El Paso County turned over command of the 117 Fire Thursday morning to the Rocky Mountain Area Incident Management Team Black. One of the biggest changes under the new command is an emphasis on containing and putting out the fire. Up until today, the primary focus was to protect homes and structures.
Incident Commander Mark Hatcher praised the El Paso County Sheriff’s Office for handling the initial attack. As of 6:00 a.m. when Team Black took over, the fire was already 60 percent contained.
Team Black is one of a pair of Type Two incident management teams that are stationed in this part of the country. Spokesperson Dawn Sanchez said the team members are all professionals who come from a variety of backgrounds.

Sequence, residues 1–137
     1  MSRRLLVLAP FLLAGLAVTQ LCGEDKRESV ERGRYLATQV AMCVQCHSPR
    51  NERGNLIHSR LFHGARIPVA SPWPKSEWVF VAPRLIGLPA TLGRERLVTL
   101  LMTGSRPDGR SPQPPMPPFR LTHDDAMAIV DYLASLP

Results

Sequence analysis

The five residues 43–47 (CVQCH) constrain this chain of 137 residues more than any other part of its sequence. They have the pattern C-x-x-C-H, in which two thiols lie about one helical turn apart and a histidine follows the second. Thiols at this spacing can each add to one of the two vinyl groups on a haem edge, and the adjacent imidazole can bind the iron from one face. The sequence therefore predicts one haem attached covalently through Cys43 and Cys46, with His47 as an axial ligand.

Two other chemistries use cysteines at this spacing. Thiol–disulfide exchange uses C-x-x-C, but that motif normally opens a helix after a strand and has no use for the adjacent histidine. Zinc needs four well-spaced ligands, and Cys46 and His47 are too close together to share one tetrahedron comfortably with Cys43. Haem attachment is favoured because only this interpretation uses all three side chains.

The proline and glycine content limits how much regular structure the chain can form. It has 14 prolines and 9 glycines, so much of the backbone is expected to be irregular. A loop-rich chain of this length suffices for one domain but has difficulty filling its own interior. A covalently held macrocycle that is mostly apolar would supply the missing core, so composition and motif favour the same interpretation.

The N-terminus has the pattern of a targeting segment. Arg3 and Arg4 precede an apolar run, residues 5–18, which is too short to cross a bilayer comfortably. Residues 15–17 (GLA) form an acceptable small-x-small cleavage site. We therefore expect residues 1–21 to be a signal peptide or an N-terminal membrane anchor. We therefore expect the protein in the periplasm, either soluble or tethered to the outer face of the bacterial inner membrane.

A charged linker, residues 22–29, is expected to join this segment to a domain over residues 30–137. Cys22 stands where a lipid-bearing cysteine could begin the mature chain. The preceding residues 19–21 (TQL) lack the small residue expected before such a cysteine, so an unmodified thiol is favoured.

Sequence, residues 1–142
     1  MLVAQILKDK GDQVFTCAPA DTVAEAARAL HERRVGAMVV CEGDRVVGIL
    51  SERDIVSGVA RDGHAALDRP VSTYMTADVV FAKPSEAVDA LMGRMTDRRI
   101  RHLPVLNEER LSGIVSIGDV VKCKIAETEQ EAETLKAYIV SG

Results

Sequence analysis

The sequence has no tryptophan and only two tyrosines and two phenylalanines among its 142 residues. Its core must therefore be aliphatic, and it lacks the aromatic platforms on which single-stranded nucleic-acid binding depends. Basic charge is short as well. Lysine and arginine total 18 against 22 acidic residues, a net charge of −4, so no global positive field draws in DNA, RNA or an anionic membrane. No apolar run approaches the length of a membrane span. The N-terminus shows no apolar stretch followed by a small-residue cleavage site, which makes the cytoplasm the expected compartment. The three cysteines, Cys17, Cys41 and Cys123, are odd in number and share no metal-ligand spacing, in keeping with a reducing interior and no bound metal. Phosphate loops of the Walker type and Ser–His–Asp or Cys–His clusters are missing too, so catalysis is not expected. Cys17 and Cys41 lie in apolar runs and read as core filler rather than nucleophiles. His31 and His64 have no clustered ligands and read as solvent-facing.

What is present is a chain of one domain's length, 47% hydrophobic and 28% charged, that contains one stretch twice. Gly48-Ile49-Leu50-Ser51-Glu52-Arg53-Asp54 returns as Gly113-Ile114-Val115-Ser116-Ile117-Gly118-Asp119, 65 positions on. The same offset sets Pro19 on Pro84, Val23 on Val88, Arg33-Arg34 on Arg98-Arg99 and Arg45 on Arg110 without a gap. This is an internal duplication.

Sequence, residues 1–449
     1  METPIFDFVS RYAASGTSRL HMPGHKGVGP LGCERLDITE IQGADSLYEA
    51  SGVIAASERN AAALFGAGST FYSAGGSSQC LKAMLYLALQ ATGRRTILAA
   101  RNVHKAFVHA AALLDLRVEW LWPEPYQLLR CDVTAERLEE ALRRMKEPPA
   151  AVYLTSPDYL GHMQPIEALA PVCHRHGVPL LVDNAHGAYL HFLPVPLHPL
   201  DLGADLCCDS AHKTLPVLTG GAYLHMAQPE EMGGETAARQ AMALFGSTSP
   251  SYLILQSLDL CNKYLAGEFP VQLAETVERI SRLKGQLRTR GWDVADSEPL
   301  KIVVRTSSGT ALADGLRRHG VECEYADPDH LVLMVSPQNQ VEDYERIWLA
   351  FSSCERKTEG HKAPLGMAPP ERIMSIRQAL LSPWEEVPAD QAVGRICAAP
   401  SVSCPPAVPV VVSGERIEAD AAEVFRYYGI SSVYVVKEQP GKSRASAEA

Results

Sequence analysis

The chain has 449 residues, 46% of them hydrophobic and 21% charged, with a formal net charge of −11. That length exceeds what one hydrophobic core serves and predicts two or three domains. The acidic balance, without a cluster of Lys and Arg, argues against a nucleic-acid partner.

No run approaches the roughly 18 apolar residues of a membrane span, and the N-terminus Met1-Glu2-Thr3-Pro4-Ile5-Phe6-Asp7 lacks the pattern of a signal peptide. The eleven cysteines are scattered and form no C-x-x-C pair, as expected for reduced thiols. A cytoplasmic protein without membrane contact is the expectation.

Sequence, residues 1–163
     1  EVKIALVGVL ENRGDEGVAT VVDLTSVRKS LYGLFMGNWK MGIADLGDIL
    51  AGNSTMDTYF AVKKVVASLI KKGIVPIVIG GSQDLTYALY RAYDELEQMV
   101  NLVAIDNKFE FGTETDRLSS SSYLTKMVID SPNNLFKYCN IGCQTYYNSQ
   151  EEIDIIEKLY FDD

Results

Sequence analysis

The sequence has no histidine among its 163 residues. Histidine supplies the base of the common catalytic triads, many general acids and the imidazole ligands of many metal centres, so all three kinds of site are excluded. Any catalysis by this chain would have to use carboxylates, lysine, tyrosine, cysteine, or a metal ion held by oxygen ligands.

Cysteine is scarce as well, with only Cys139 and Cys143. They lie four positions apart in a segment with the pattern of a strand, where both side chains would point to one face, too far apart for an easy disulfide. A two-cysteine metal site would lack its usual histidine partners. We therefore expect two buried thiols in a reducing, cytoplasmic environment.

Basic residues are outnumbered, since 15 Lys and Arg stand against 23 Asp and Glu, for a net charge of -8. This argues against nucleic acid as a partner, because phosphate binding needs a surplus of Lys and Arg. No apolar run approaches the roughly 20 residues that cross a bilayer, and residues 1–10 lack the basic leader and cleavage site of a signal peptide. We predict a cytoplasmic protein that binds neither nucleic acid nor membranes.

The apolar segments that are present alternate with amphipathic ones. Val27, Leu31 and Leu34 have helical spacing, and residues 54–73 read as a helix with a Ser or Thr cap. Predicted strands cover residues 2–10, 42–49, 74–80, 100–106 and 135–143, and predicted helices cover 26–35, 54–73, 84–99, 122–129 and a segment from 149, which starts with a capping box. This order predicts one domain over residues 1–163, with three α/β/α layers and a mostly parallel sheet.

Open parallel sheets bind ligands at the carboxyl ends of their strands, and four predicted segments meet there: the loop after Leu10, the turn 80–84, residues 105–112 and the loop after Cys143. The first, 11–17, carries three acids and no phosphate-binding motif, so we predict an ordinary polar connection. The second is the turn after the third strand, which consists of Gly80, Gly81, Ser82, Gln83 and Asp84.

"It’s a collateral duty for a majority of us," Sanchez said. "We have our normal day jobs, just like like I have my normal day job still, and they allow me to come out and help with this national fire effort."
A common trait shared by the team members is a wealth of experience in fighting complex fires. The team was assigned to nine different location last year across in the Western US.
Sanchez hopes that local crews, who’ve been fighting the fire since Tuesday afternoon, can get some rest.
"It exhausts those folks. So, we’re able to come in, they can go and get some sleep, they can rehab their engines and we take it from there and make sure everybody gets fed and housed and can fight fire safely the next day."
There is still a very large fire response with around 300 people operating 150 different fire trucks, bulldozers, and road graders in an effort to build containment lines around the fire. Commanders received helicopter air support from Fort Carson and air tanker support from crews stationed in Pueblo and Denver.